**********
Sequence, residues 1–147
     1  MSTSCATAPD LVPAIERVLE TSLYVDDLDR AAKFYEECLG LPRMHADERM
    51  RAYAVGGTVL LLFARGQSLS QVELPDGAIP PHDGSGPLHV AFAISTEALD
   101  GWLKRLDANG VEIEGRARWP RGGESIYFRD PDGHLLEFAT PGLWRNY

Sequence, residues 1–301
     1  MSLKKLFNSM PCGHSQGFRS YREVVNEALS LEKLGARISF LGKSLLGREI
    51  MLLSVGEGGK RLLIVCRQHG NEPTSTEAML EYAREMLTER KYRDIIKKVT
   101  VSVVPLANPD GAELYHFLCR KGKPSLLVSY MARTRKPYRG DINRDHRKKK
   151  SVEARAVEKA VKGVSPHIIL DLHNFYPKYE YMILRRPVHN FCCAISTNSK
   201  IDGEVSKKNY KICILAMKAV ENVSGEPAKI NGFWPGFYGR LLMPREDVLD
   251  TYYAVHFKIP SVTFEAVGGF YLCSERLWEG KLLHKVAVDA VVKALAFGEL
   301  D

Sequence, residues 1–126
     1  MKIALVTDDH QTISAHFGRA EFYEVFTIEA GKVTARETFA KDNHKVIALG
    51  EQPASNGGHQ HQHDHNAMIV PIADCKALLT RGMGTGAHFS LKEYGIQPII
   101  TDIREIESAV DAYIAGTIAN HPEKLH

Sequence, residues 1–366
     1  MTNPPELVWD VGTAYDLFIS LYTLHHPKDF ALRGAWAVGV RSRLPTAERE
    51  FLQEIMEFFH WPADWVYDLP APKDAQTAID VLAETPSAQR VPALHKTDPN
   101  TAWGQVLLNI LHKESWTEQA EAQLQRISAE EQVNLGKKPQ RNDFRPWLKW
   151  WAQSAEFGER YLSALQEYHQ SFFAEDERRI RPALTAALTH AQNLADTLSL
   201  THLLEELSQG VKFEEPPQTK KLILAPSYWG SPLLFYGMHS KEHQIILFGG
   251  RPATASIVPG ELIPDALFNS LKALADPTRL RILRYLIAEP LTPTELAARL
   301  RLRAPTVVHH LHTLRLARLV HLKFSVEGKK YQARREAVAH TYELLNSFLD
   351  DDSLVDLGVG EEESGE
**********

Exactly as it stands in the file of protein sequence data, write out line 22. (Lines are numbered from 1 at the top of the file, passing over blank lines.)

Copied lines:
   201  THLLEELSQG VKFEEPPQTK KLILAPSYWG SPLLFYGMHS KEHQIILFGG